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Myth buster

Gregor Paul

There are a few selection myths that Folau Fakatava would be best advised to ignore as he weighs up his next career move. 

The 21-year-old halfback is off contract with the Highlanders this year and has an offer to stay in the south where he will be battling to start with Aaron Smith through to the 2023 World Cup, while he’s also being chased by the Hurricanes and Blues. 

Having grown up in Tonga – where he was schooled until his mid-teens – before finishing his education in Hastings, Fakatava is also a player of significant interest to Moana Pasifika should they indeed, as expected, be granted a licence to join the competition in 2022.

Fakatava has options – the thing all professional players crave – and in deciding which one to take, he must understand that what he needs and what he wants are not necessarily the same thing.

The biggest myth currently being peddled in his direction is that he will need to be starting most weeks if he’s any chance of being picked by the All Blacks. That’s simply not true.

Talented halfback Folau Fakatava has had to settle for minor roles off the bench in Super Rugby but he should think carefully before leaving the Highlanders. (Photo by Joe Allison/Getty Images)

For the last decade, if not longer, the All Blacks have picked on potential. They have been willing to invest in players who have often not been first choice at their respective clubs and whose game time has been limited.

Quality has most definitely been preferred to quantity and the All Blacks have picked plenty of bit-part Super Rugby players in recent times.

The most notable selection to make the test ranks on limited Super Rugby rations was Sam Cane in 2012. The then 20-year-old, in his first full Super Rugby season, was rarely starting for his club, who preferred the more experienced Tanerau Latimer at openside.

Cane only had about 300 minutes of game time that season – less than a third of Latimer’s total – and yet the All Blacks saw enough to be sure he was the right choice for them. 

The biggest myth currently being peddled in his direction is that he will need to be starting most weeks if he’s any chance of being picked by the All Blacks. That’s simply not true.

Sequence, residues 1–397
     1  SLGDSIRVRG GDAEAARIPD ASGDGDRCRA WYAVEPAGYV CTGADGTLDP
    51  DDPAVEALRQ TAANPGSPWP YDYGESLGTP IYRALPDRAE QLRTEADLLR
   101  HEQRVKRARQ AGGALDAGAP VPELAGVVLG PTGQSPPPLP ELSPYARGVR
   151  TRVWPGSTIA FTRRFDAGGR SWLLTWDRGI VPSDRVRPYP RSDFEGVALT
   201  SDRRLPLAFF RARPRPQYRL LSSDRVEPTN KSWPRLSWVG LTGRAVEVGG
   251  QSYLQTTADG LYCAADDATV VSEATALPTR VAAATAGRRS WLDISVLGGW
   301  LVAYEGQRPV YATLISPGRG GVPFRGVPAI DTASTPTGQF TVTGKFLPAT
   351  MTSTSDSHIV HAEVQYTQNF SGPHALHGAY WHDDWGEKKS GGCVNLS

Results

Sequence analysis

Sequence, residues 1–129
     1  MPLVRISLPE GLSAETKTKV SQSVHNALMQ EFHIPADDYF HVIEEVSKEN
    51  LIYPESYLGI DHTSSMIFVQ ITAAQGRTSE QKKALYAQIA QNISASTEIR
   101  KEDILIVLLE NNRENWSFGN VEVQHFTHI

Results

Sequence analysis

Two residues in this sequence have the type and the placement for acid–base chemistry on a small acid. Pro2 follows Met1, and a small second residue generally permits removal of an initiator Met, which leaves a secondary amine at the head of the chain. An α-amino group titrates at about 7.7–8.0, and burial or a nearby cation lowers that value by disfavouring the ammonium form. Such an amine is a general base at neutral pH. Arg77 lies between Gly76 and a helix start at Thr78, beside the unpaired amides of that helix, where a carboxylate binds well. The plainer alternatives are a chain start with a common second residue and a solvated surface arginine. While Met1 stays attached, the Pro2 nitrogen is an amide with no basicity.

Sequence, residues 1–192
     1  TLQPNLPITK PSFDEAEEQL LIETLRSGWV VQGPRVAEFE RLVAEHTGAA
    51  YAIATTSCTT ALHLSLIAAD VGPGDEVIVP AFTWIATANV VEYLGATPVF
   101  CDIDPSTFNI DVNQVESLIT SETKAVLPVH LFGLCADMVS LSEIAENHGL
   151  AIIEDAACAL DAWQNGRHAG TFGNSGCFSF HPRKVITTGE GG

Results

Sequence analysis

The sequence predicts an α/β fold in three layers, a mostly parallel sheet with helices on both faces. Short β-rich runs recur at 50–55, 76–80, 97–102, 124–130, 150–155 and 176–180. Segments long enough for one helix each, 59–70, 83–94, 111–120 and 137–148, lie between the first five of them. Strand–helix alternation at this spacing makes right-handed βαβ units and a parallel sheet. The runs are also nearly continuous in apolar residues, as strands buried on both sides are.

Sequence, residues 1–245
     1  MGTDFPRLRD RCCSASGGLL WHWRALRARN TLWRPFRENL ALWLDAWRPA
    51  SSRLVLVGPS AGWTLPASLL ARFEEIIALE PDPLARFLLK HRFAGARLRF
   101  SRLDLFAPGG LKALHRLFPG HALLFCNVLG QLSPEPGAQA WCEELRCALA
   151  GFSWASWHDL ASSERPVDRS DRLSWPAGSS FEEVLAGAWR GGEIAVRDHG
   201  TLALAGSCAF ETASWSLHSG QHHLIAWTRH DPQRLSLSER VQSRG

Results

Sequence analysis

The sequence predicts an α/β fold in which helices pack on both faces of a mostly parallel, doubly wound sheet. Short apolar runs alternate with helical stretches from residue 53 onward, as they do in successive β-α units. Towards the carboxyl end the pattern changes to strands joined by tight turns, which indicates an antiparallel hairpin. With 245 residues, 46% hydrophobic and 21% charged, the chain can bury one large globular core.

Vaea Fifita is another good example of how test selection is not determined by time at the coalface. Fifita toured Europe with the All Blacks in 2016 – after barely featuring for the Hurricanes that year. And when he had played, he’d been used at lock.

The All Blacks had an entirely different view of him. They didn’t believe that at 1.96m and 112kg he was tall enough or heavy enough to play in the second row, but instead, saw him as a stunning option at No 6 where his incredible pace and athleticism could be deadly.

As former All Blacks coach Steve Hansen said: “Vaea’s a really, really good athlete. Probably one of the best athletes I’ve had anything to do with, from a natural just sheer ability [point of view].

“He’s just about one of the fastest people we’ve got in the team so that’s not bad for a 6. He is physical, he likes being physical and that’s not something you can coach; that’s something that comes from inside you. That’s a Jerome Kaino-type player, a Jerry Collins, Rodney So’oialo-type player. Chris Masoe.

“All those guys really liked and enjoyed being physical and it’s quite handy to have someone in your team like that, because it usually puts the fear of God in the opposition – if they’re good at it – and we’re hoping he’s going to be good at it.”

Hansen was right about Fifita’s athleticism and pace as was demonstrated when the big No6 scored one of the best tries of 2017 by running 50 metres to outstrip the Pumas’ defence in New Plymouth.

All Blacks loose forward Vaea Fifita scores a remarkable individual try against Argentina in New Plymouth in 2017. (Photo by Marty Melville/AFP via Getty Images)